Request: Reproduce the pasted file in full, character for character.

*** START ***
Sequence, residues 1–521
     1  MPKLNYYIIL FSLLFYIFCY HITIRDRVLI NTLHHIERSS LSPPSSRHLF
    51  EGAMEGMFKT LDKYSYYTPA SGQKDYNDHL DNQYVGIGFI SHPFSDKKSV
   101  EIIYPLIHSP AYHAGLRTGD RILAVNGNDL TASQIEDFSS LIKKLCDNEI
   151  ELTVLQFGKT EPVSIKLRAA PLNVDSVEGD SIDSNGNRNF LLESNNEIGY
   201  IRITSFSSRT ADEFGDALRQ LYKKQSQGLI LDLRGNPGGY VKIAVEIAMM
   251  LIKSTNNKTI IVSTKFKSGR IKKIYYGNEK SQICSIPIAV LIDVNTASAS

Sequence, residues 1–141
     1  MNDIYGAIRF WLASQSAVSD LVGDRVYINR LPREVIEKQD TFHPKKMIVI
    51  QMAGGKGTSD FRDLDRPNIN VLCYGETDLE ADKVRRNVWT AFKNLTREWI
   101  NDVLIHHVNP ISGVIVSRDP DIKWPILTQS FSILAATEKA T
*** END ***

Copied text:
Sequence, residues 1–521
     1  MPKLNYYIIL FSLLFYIFCY HITIRDRVLI NTLHHIERSS LSPPSSRHLF
    51  EGAMEGMFKT LDKYSYYTPA SGQKDYNDHL DNQYVGIGFI SHPFSDKKSV
   101  EIIYPLIHSP AYHAGLRTGD RILAVNGNDL TASQIEDFSS LIKKLCDNEI
   151  ELTVLQFGKT EPVSIKLRAA PLNVDSVEGD SIDSNGNRNF LLESNNEIGY
   201  IRITSFSSRT ADEFGDALRQ LYKKQSQGLI LDLRGNPGGY VKIAVEIAMM
   251  LIKSTNNKTI IVSTKFKSGR IKKIYYGNEK SQICSIPIAV LIDVNTASAS

Sequence, residues 1–141
     1  MNDIYGAIRF WLASQSAVSD LVGDRVYINR LPREVIEKQD TFHPKKMIVI
    51  QMAGGKGTSD FRDLDRPNIN VLCYGETDLE ADKVRRNVWT AFKNLTREWI
   101  NDVLIHHVNP ISGVIVSRDP DIKWPILTQS FSILAATEKA T